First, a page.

Will sustainability prevail through economic uncertainty?

Apr 17, 2020

An economic downturn will be inevitable after COVID-19. How can organisations weather this storm? Having strong ESG risk-management practices in place is key, explains Lorraine McCann.

At a time of fragility and loss of life, our sense of what matters changes. Significant events like the COVID-19 crisis force us to reflect and to examine what’s important personally, for our businesses, communities and society. At times when we’re faced with a lot of uncertainty, it is important to think about our purpose, the value we create and deliver, and for whom. For many organisations, sustainability for them right now means surviving; however, as we emerge and begin to recover from the current crisis, purposeful and sustainable direction can help us all navigate the uncertain and potentially winding roads ahead.

Sustainability during the 2008 recession

While many assumed the sustainability ‘trend’ would be shelved in the last recession, it was quite the opposite. A need to cut business costs created a mindset shift towards operational and resource efficiency that put sustainability centre stage in the recovery. Businesses that managed a much wider range of environmental, social and governance (ESG) risks were more resilient, and more capable of responding to rapidly changing market conditions. Companies quickly realised that focusing solely on financial value creation for shareholders was not enough to protect against the effects of the downturn. Leading with purpose and values, that extend beyond the financial and consider wider societal values, is now a key component in any business growth strategy. It was only through a complete collapse of the financial system that we were able to realise the true importance of sustainability impacts on long-term value creation of business in society.

ESG and risk management is critical

According to the World Economic Forum (WEF) Global Risk Report 2020, the top five global risks in terms of likelihood are all environmental, including: extreme weather events, climate action failure, natural disasters, biodiversity loss and human-made environmental disasters. Understanding that another recession is upon us, every business should be critically factoring ESG risks into its risk-management function. There needs to be a recognition of the interconnectedness of environmental, social and economic risks, as a failure to do so could result in material business impacts including profit-loss, operational impacts and potentially losing social licence to operate. It’s imperative that ESG is not seen to be separate to the business but integrated and connected in how a company generates long-term, inclusive growth for its shareholders. Strong ESG risk-management practices include:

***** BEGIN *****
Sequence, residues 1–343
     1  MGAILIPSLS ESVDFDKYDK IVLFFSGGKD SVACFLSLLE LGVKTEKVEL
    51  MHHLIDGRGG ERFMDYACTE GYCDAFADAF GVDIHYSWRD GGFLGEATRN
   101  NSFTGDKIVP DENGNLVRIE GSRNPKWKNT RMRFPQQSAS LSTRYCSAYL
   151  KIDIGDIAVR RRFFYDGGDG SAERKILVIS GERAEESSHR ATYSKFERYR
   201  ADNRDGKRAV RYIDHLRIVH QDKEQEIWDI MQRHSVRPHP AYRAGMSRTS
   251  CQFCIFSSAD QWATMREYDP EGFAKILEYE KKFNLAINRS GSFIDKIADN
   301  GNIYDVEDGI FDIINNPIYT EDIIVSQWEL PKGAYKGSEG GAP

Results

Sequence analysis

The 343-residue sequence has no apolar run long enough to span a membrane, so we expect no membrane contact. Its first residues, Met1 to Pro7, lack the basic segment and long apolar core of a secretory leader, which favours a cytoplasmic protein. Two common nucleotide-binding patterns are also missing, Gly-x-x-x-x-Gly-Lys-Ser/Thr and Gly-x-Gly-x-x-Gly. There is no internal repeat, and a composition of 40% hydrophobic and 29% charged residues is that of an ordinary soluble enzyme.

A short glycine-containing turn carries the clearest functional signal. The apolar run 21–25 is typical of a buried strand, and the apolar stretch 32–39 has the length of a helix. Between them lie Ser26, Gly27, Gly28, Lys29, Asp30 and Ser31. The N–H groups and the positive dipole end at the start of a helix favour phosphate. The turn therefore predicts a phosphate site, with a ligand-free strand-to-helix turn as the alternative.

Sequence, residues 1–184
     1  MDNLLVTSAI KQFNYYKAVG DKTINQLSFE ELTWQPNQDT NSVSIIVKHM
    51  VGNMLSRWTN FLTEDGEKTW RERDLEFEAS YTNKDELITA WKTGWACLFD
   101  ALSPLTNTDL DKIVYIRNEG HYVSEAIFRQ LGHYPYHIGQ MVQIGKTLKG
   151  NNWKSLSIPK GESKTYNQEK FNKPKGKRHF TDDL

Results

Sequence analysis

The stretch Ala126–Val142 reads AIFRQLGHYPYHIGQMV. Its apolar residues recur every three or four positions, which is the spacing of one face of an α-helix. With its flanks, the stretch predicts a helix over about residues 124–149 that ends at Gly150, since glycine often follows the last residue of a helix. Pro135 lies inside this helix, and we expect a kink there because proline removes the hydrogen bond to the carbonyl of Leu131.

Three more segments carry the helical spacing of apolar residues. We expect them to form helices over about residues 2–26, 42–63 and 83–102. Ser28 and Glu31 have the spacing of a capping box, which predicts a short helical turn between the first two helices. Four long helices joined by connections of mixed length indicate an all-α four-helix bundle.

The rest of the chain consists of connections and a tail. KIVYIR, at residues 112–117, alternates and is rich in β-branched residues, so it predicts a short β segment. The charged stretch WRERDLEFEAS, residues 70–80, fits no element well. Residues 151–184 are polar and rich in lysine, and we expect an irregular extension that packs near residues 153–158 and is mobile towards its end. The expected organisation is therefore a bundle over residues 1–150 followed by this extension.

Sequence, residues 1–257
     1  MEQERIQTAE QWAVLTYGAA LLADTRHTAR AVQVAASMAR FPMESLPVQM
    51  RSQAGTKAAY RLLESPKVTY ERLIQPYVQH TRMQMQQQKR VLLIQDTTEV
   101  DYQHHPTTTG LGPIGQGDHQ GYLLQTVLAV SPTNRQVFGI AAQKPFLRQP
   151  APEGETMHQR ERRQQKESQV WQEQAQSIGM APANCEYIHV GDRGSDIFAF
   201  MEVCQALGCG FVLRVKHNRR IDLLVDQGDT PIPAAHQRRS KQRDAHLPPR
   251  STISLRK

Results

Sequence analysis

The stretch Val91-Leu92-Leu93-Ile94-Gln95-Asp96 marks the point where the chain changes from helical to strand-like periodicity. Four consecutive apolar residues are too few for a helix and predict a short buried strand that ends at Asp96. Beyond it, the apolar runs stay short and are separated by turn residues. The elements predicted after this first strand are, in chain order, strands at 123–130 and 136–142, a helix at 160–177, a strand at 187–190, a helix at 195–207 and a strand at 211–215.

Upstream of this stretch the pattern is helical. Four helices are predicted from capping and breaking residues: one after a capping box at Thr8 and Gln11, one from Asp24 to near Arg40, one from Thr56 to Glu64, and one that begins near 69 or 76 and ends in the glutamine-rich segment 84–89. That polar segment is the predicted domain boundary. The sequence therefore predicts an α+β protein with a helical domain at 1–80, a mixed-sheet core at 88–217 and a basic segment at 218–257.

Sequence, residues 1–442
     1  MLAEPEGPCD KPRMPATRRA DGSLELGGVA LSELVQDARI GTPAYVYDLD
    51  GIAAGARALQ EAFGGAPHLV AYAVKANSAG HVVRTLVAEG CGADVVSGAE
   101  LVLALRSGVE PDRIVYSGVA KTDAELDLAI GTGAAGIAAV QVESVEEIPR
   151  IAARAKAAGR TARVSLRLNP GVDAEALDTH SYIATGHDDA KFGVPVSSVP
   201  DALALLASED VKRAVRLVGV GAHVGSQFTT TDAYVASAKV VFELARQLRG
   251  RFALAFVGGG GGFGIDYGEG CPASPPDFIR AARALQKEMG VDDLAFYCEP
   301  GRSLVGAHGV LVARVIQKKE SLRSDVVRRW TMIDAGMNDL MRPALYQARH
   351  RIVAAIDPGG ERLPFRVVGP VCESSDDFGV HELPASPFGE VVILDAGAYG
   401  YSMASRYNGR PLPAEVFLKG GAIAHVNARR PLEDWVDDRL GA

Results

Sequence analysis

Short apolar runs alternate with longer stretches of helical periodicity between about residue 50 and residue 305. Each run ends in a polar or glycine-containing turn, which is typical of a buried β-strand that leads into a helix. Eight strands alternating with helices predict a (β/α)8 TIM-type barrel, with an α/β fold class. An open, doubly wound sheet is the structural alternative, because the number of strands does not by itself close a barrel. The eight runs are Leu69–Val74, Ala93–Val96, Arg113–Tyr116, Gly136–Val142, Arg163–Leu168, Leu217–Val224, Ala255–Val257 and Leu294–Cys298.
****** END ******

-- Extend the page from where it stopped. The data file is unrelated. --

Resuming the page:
• Governance structures for sustainability, ensuring management is responsible for sustainability risk, with the right skillset, knowledge and expertise in the business to appropriately manage this risk;
  • Identification, assessment and management of risk to protect and create value; and
  • Reporting publicly on the policies, practices and performance relating to sustainability risk management.

Investors demand information relating to ESG factors

In the EY 2018 Global Climate Change and Sustainability Services study of over 200 institutional investors, there was global consensus that ESG information is now critical to investor decision-making, and assessment of long-term value creation. “Investors believe that ESG factors can provide downside risk protection – 89% say that ESG information is somewhat more valuable (80%) or much more valuable (9%) in investment decision-making in a market downturn”.

It’s important that organisations are clear on what is material to their business – that is determining which metrics will yield the most useful view of risks and opportunities that drive long-term value.

Greater transparency and consistent, comparable data on these topics can also help restore trust and confidence in business at a time when credibility and brand may be at risk.

Lorraine McCann is a Senior Manager and Leader for Climate Change and Sustainability Services in EY Ireland.